My better inclusion in Caen’s column came in 1966, when a bad guy entered GeorgeHerbCaenFairmont Heaney’s pawn shop downtown and stole 18 uncut gems. The perp was cornered soon after by the fuzz, and taken to a room in the newish Reno police station and held until, well, until the gems reëntered daylight, ‘nuf said there. The crime was duly reported in the Nevada State Journal. And probably the Reno Evening Gazette.

 I – then living in Reno – wrote Caen at the SF Chron, 500 Mission Street, adding a dimension to the yarn. Remember at this juncture in time, one didn’t phone Caen ‘lessen they were named Wilkes Bashford or Willie Brown; there was no such thing as a fax in 1966, and the mere whisper of emailing a document would get one incarcerated for mental observation. Hence the Nevada State Journal clip of the yarn traveled to Mission Street via snail mail, together with my assessment of the caper.

 Nor was there digital access to the Chron following its publication, so the waiting game began. Filching a Chron each day after a few days had passed, to see if Caen had nibbled at the bait, a week went by. Then, pay dirt.

 “Our man in Reno Nevada reports that…” and so on, Caen’s usual making something out of basically nothing, and concluding with my comment.

 At this juncture I’ll clarify that I shared the same given name with my father – Karl – a  practice that should be made illegal in modern, computer times. He gets killed in 1971, Union Federal Savings calls my home loan. My mother, Mrs. Karl, passes years later, and my Visa card goes bye-bye. Can’t be too careful. But Hank Philcox, among others, know that my parents’ credo in life was, “What will people think?” What will people think of Karl Breckenridge, a bastion of Reno business, sending some smartass comment into Herb Caen. He was embarrassed; I was severely chastised. (But I loved it!)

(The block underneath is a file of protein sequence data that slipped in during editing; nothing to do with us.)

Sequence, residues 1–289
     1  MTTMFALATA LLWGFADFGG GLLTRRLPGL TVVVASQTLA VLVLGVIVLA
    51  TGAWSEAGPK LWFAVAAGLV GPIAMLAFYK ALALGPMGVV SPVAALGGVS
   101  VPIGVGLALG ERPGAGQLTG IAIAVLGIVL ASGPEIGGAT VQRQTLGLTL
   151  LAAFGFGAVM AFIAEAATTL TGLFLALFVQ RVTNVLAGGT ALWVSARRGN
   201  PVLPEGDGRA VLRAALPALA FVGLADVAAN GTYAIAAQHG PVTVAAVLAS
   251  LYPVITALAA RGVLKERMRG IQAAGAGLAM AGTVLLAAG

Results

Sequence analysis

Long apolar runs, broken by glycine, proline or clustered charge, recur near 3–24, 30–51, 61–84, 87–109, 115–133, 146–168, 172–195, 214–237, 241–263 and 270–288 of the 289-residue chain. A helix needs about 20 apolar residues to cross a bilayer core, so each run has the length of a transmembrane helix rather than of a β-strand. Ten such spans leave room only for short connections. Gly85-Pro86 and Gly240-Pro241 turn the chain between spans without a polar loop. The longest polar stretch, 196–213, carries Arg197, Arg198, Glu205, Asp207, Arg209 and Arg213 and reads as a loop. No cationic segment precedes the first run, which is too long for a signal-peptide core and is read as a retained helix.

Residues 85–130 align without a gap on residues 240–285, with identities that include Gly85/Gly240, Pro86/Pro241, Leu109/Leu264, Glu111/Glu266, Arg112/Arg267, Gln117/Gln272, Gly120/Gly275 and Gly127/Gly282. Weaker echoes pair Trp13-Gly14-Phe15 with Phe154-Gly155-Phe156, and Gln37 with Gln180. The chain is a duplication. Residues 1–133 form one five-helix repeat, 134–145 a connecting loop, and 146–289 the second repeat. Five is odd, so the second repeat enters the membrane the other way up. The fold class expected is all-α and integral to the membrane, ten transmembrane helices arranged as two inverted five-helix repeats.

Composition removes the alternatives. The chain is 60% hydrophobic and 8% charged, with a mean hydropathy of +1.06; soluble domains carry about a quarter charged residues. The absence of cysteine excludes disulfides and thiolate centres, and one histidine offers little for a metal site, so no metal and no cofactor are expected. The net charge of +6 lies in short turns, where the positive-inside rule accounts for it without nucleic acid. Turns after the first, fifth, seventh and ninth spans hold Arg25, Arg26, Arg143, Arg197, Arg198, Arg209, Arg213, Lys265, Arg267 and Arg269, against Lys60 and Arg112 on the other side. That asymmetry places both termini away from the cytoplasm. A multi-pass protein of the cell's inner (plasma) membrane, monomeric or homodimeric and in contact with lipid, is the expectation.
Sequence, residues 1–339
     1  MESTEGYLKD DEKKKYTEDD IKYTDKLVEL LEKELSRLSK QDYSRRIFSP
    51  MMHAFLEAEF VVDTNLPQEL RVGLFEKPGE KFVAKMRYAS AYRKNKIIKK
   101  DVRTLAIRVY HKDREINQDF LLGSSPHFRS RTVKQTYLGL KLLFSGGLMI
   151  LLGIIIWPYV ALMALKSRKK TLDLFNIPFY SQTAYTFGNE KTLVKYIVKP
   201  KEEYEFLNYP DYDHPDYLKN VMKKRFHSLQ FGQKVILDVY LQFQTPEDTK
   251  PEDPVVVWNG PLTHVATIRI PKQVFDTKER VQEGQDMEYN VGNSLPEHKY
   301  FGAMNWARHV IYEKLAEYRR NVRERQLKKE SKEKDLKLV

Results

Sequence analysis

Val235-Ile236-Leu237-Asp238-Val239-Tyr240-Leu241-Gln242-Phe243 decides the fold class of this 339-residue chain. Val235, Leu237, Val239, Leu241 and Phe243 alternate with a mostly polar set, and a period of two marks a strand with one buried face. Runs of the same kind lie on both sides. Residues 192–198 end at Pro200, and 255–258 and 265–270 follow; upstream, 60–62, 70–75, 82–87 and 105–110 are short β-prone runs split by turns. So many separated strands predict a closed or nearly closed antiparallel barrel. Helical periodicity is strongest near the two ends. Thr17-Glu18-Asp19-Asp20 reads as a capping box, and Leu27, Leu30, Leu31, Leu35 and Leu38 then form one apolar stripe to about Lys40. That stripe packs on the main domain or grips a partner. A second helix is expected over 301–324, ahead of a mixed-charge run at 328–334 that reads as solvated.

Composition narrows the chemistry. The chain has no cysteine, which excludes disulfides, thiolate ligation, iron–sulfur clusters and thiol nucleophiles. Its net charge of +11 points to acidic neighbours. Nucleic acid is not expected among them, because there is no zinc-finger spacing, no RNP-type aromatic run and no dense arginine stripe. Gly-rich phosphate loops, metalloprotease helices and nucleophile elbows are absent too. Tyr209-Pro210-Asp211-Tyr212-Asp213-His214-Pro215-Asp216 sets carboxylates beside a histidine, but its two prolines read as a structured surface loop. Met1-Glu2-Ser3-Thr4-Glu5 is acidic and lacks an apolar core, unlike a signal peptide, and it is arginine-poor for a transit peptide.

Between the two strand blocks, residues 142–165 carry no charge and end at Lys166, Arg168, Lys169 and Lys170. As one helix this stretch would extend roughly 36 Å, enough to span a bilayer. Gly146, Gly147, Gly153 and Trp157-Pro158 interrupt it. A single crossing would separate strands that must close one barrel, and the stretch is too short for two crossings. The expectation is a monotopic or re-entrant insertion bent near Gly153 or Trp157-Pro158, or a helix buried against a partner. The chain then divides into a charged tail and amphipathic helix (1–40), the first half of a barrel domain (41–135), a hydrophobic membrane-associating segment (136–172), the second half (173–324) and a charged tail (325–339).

I asked society undertaker Ted Williams of Walton’s while dining at Brickie’s in preparation for my mother’s funeral service if I could place on my parents’ gravemarker at Mountain View, the simple words, “what will people think  now?” Ted declined. Oh well, no matter.

 Caen’s words and my comment were picked up in the Reno Gazoo back when it still had a local presence and a personality, and eventually received nationwide exposure when it was picked up by the UP, now UPI, wire service. Karl the Elder was definitely in the national bright beam, and boy was he pissed!